February 05, 2014 | 11:05 AM A popular television commercial features a man wearing a suit sitting in a circle with children. He asks questions like: "What's better: Bigger or smaller? Faster or slower? More or less? Now or later?" The kids give cute, impish answers. The argument the commercial makes is that more and bigger and faster and sooner are more desirable than their opposites.
Some of us buy everything we can afford and charge the things we can't. It may only be when we contemplate leaving everything, and we picture our heirs coming in and opening our closets and storage areas and recoiling at what they're going to do with all of our junk that we realize we have too much.
The opposite extreme is represented by Thoreau, who went to the woods "to live deliberately, to front only the essential facts of life," or Diogenes, who lived in a barrel and owned only a cloak, a stick and a bread bag. He continued the tradition of Socrates who said: "When I go to the market and see all the wares, I think, 'What a lot of things I don't need'."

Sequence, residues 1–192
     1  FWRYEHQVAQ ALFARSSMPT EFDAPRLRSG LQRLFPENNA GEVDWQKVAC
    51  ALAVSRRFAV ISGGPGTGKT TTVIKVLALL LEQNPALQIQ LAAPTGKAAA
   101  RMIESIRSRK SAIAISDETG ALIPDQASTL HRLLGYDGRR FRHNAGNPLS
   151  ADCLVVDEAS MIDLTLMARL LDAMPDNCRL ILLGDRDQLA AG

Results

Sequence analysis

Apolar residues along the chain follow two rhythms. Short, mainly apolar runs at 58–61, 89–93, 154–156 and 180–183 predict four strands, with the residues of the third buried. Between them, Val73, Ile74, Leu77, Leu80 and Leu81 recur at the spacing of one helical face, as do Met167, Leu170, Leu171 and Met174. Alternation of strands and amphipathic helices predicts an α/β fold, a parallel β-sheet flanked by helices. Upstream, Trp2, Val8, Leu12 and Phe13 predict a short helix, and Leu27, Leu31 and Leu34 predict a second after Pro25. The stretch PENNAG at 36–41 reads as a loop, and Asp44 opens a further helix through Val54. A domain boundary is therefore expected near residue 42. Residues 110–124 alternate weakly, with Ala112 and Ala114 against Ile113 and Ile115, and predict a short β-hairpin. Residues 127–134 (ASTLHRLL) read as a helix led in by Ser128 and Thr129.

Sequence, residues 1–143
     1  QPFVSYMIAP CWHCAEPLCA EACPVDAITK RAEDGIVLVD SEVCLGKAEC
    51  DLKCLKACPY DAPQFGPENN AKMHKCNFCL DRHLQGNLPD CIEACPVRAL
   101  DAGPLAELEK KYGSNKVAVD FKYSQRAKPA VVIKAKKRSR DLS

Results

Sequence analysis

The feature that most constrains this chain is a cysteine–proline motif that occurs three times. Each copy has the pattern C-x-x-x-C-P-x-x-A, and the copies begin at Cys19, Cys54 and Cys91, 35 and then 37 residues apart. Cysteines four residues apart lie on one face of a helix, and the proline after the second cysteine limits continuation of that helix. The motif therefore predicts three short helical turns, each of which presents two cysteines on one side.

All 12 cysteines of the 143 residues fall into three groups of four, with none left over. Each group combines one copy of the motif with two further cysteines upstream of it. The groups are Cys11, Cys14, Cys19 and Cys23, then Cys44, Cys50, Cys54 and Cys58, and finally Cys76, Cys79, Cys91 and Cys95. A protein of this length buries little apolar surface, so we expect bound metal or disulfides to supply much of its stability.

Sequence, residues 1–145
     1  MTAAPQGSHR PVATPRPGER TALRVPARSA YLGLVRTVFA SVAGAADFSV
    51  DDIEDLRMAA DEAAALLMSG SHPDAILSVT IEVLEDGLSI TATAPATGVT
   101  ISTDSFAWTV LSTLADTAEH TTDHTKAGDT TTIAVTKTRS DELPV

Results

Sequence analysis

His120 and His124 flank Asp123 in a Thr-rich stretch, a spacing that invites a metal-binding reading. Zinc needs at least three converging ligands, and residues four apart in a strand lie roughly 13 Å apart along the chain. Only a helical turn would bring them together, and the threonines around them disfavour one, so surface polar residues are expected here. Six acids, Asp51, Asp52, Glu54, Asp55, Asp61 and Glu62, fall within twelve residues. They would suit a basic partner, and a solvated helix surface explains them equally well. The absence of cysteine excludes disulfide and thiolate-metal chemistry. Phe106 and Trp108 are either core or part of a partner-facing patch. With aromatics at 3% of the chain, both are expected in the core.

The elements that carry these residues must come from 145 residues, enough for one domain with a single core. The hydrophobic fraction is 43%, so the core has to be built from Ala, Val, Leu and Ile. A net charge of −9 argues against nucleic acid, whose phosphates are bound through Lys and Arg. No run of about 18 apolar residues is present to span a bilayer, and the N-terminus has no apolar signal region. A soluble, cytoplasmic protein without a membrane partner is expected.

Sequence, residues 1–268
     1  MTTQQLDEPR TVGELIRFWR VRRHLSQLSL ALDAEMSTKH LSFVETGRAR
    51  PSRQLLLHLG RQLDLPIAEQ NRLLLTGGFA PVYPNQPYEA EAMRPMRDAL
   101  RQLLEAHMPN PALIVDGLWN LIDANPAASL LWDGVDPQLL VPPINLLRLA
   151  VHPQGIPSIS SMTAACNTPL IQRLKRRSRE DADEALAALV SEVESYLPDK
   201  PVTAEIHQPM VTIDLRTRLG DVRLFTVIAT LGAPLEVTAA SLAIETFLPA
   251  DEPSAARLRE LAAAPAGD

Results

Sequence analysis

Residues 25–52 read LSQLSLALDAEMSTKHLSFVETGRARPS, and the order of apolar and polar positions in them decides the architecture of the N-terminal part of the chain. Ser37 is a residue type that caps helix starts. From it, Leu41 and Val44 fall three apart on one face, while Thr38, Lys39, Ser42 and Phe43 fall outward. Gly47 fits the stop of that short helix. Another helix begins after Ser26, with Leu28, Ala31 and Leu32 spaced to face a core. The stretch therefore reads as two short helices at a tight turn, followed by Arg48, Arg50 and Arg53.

Between those out to acquire all they can and those intentionally living simply is the middle way of philosopher Goethe and his nine requisites for contented living:
"Health enough to make work a pleasure.
Wealth enough to support your needs.
Strength enough to battle with difficulties and overcome them.
Grace enough to confess sins and forsake them.
Patience enough to toil until some good is accomplished.
Charity enough to see some good in your neighbor.
Love enough to move you to be helpful to others.
Faith enough to make real the things of God.
Hope enough to remove anxious fears concerning the future."
So, children, what is better: more or less? Dr. Wayne Willis